Friday, 2 May 2014

Just a teacher

Miss Hartford and one of her track stars, Willy Lappenbush.
Willy passed away last year.
I started teaching in Sexsmith Alberta in 1980. I loved my school and my students.  It was a school where the kids did not have locks on their lockers because...well, why would they?  

I was a teacher librarian. I was 22 years old. I was innocent and enthusiastic.  I coached Reach for the Top. I was advisor for the yearbook. I had a very bad school choir. I coached track. I supervised school dances. I taught debate and English and creative writing and library skills and journalism and outdoor ed and consumer ed. I took the fan bus to watch the Sexsmith Sabres play in the Mighty Peace Football league-even though I had no idea what a "down" was.

Senior high kids asked for help with physics. I had no idea what they were learning. I would get them to explain what it was they didn't understand. I would rephrase their questions. They would thank me for helping them find the answer. The principal would drop by and ask. "Miss Hartford, why are there so many teenage boys in the library?"  Well...first of all, you assigned them here on their spares.  And second, should I remind you?  I am 22 years old.
At a colleague's wedding.

We had a young staff. Every Friday was "POETS" - "Piss On Everything, Tomorrow's Saturday" at the Sexsmith bar. We shared strategies and success. We commiserated over our challenging students. We talked about frustrations and failures and the funny things that happened that week. One day a kid threw a desk at a teacher. One teacher told his students there was a contest between the teachers to see who would get the most Christmas presents. It turned out not to be him. We talked about the kids from LaGlace whose moms made them go to church every Sunday when they were hungover and the the kids from Teepee Creek where it was said the three Rs were "ruttin' ropin' and ridin'" and where you might go to a fight and a dance would break out. In later years former students would join us, awkwardly. Including that kid who threw the desk.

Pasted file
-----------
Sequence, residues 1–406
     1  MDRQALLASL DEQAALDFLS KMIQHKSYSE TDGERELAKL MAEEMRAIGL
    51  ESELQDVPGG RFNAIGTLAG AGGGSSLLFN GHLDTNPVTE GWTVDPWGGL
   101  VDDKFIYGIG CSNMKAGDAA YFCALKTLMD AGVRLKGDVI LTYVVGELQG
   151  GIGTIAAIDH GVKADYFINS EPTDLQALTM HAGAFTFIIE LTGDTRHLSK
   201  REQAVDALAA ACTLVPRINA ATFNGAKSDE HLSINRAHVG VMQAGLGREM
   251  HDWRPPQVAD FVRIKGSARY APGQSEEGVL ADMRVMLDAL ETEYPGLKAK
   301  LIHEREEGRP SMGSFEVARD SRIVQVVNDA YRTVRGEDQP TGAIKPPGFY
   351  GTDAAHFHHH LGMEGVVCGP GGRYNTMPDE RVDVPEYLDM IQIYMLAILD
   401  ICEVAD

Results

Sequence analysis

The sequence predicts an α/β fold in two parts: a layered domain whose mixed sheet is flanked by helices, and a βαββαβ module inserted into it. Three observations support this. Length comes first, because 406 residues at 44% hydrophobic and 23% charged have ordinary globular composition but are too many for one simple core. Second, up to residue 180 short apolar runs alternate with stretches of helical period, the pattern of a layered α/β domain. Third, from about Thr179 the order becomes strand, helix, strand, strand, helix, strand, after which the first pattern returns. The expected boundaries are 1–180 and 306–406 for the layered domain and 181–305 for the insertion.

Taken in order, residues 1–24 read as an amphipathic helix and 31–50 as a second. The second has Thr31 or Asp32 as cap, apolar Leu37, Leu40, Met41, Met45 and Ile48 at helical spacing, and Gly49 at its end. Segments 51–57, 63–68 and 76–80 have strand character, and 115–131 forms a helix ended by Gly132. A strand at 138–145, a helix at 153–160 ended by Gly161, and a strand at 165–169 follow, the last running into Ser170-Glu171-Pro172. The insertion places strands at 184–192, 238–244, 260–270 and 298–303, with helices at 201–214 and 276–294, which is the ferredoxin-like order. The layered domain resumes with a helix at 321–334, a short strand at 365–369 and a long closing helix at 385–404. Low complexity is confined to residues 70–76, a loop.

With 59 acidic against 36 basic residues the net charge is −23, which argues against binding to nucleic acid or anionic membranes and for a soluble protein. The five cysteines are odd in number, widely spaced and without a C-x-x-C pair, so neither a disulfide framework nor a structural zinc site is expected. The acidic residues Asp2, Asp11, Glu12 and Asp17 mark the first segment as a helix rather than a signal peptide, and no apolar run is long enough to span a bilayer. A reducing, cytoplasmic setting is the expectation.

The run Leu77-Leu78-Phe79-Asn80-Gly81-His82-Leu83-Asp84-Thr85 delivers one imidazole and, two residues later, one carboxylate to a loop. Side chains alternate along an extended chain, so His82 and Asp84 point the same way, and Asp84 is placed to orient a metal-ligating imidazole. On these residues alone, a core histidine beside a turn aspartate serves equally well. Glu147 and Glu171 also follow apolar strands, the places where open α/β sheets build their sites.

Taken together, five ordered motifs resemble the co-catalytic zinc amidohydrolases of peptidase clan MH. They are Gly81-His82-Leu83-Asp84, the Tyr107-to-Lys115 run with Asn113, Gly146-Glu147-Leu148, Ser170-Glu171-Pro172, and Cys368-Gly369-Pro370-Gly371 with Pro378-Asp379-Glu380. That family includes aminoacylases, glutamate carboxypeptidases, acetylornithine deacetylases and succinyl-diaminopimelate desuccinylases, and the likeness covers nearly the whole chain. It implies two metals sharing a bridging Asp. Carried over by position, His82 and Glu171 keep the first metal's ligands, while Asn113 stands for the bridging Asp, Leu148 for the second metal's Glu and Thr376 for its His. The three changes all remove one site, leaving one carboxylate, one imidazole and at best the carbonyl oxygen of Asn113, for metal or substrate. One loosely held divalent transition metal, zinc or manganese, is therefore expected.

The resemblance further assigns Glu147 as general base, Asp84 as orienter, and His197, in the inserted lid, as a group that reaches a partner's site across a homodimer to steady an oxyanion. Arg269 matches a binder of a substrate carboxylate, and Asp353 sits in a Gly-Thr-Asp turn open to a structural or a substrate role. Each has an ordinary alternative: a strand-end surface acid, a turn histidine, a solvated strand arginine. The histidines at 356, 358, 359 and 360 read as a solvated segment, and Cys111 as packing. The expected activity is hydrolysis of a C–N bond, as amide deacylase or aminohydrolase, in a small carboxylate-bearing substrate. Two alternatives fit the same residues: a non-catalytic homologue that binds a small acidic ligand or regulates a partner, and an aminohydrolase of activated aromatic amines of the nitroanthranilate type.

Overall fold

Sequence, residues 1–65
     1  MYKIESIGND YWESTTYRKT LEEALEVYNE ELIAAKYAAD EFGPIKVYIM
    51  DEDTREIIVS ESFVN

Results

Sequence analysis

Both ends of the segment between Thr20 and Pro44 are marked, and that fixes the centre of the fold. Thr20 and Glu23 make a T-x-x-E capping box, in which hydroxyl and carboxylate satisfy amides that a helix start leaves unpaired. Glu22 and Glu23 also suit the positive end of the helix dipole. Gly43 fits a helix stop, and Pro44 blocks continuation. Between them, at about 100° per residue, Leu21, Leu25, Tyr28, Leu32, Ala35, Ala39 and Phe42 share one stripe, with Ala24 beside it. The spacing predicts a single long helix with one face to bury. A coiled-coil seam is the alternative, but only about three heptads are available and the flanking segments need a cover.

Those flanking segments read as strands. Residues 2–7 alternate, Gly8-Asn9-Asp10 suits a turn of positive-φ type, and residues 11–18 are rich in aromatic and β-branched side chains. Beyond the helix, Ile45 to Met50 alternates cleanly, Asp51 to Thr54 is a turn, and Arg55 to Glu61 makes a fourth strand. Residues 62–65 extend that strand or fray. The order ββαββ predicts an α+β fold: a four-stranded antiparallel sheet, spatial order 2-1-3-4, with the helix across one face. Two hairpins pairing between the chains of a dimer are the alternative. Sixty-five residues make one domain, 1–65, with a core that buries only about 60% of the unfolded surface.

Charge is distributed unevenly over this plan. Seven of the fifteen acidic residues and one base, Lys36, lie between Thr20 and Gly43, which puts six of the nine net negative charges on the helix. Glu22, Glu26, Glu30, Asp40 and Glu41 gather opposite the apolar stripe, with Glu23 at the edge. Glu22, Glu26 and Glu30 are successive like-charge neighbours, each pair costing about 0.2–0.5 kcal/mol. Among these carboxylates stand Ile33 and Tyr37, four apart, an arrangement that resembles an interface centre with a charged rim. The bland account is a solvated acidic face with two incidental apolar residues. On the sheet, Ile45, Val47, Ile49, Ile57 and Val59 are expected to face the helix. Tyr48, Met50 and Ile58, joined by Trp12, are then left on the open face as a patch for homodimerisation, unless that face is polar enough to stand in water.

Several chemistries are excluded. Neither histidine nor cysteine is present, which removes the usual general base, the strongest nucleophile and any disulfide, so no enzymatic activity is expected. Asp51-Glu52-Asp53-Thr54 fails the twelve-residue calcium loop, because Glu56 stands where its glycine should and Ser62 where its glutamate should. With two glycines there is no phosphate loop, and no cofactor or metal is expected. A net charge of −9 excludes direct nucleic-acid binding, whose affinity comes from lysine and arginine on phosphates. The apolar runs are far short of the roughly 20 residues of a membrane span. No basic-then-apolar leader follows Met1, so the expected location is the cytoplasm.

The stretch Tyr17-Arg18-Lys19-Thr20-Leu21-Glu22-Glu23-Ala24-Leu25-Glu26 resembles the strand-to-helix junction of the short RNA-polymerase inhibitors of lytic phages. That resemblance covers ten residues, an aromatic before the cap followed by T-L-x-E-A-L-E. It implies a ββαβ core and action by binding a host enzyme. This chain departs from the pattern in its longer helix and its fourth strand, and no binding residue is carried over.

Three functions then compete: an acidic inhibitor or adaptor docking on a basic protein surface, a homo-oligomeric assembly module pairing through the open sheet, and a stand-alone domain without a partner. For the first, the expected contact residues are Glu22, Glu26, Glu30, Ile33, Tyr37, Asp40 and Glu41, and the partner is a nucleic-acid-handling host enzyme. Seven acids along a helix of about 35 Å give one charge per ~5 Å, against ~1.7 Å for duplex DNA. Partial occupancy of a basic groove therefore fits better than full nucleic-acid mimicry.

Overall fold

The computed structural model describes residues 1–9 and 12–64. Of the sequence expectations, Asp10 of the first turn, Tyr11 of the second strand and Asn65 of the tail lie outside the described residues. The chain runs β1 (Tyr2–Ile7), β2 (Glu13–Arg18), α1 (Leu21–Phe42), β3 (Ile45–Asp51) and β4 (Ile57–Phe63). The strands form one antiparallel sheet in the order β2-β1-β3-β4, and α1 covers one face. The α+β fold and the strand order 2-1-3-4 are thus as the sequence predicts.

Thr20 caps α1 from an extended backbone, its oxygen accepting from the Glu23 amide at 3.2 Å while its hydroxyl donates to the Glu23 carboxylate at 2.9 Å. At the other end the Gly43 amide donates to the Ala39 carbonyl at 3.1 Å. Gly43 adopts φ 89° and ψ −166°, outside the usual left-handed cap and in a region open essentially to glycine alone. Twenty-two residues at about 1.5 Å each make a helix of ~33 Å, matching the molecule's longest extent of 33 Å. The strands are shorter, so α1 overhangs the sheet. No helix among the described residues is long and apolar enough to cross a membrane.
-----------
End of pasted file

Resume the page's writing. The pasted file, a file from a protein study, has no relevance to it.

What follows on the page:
We celebrated "no bus" days when we could get caught up with our marking and get ahead with our planning and the principal would take us to the truck stop for lunch.  We reveled in teachers' convention when we could go for a drink after work and a restaurant for dinner. We cheered with our students when they achieved success and wept with them when one was lost to suicide or another was killed in a highway accident.

Mostly, we worked. We tried new techniques and joined committees and went to conferences and took notes at in-services and learned new technology. We might have been naive, but we were not fools. We knew what we did was not glamorous or well-respected. In a community fueled by oil and gas, being just a teacher wasn't much of a job.

I left Sexsmith in 1986. I have not taught in a traditional classroom for almost 30 years. Some of my  colleagues got tired of being just a teacher and moved on, moved up, or moved out. Like me, some moved to a non-traditional teaching environment. But others stayed and many of them have begun their transition to retirement.

To those front-line teachers, I salute you. I salute you for your dedication and your wisdom and your compassion.  Most of all, I salute you for your courage. I salute your for the courage to stand in front of a classroom day after day after day and share ideas and try to inspire and try to prepare your students for this uncertain life. Courage to build thousands of relationships that may never last more than a semester. Courage to try and courage to fail, and courage to get up the next day and try again. Courage to politely listen to parents and administrators and government officials tell you that everything you have done is wrong and then to go back and try it differently- and courage to stick to your guns when you know your way works. Courage to hear that your students are now doctors and scientists and owners of successful businesses and you are still just a teacher.

And I thank you. I thank you for walking beside me on the first steps of my teaching journey. I thank you for being there to share the laughter, for providing a listening ear and a shoulder to cry on. I thank you for pulling together when times were hard. And as you move forward in your life's journey, be proud. Yes, you are a teacher. But just a teacher? 

Oh no my friends, you are so much more than that.